Tenfold increase in childhood and adolescent obesity in four decades



World will have more obese children and adolescents than underweight by 2022

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The number of obese children and adolescents (aged 5 to 19 years) worldwide has risen tenfold in the past four decades, according to a new study led by Imperial College London and the World Health Organization (WHO), that involved research from the Liverpool John Moores University Physical Activity Exchange

The study was published in The Lancet ahead of World Obesity Day on 11th October. It analysed weight and height measurements from nearly 130 million people aged over five (31.5 million people aged 5 to 19, and 97.4 million aged 20 and older), the largest number of participants ever involved in an epidemiological study.

If current trends continue, more children and adolescents will be obese than moderately or severely underweight by 2022.

More than 1000 researchers contributed to the study, which looked at body mass index (BMI) and how obesity has changed worldwide from 1975 to 2016.

Data from the award-winning LJMU and Liverpool City Council SportsLinx study was included within the analysis.

Dr Lynne Boddy, Head of the Physical Activity Exchange, and one of the researchers commented:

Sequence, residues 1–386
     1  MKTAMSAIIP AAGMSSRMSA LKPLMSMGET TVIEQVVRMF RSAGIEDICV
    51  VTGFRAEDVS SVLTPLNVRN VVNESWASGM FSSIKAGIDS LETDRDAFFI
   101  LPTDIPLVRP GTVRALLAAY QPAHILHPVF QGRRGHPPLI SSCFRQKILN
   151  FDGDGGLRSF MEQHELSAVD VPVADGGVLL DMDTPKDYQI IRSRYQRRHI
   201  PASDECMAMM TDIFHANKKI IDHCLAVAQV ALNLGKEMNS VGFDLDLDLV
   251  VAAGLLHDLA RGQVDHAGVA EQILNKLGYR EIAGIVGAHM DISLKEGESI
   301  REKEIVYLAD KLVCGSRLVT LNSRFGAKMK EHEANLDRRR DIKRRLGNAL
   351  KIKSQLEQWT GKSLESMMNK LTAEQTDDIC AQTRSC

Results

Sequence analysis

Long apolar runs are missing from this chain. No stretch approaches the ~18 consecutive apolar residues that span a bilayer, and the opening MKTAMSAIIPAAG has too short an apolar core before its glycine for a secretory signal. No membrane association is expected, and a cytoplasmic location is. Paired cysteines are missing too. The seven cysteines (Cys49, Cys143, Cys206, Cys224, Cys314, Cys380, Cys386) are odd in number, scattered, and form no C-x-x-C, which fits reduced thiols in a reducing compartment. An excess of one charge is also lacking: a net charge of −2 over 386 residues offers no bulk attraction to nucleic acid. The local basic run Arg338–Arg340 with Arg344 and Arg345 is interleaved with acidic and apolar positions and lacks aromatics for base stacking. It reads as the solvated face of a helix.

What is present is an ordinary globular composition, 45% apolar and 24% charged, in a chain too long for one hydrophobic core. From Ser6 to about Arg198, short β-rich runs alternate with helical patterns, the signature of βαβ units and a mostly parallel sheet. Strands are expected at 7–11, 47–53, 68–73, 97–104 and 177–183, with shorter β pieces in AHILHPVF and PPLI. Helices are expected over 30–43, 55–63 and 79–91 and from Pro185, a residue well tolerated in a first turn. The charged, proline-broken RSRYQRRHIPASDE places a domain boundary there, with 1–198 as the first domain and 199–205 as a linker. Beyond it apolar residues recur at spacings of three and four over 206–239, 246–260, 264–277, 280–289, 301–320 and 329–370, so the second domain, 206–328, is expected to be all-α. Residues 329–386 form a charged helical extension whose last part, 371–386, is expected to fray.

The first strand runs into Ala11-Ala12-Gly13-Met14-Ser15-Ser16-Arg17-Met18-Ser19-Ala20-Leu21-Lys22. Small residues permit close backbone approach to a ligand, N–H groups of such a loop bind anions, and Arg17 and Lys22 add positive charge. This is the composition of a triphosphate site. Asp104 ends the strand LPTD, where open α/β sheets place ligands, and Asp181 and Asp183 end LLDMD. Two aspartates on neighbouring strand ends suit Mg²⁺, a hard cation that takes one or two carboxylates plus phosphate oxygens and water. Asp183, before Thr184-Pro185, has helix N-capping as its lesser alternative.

“The huge rise in childhood obesity is a major, global public health issue, whilst the high levels of underweight children and adolescents identified remain deeply concerning. While access to healthy, nutritious foods is of the utmost importance, addressing high levels of physical inactivity and sedentary time are also key to improving the health and wellbeing of children globally. To tackle these issues evidence based, targeted interventions are needed urgently”.

The paper presents the first ever comprehensive data on underweight through to obesity for children and adolescents aged 5 to 19 years. It provides findings on changing obesity rates in this age group worldwide.

The LJMU Physical Activity Exchange is based at the world-leading Research Institute for Sport and Exercise Sciences (RISES) which celebrates its 20th anniversary this year and is the top UK institution for research quality in sport and exercise sciences.

The paper and the appendix can be viewed here 



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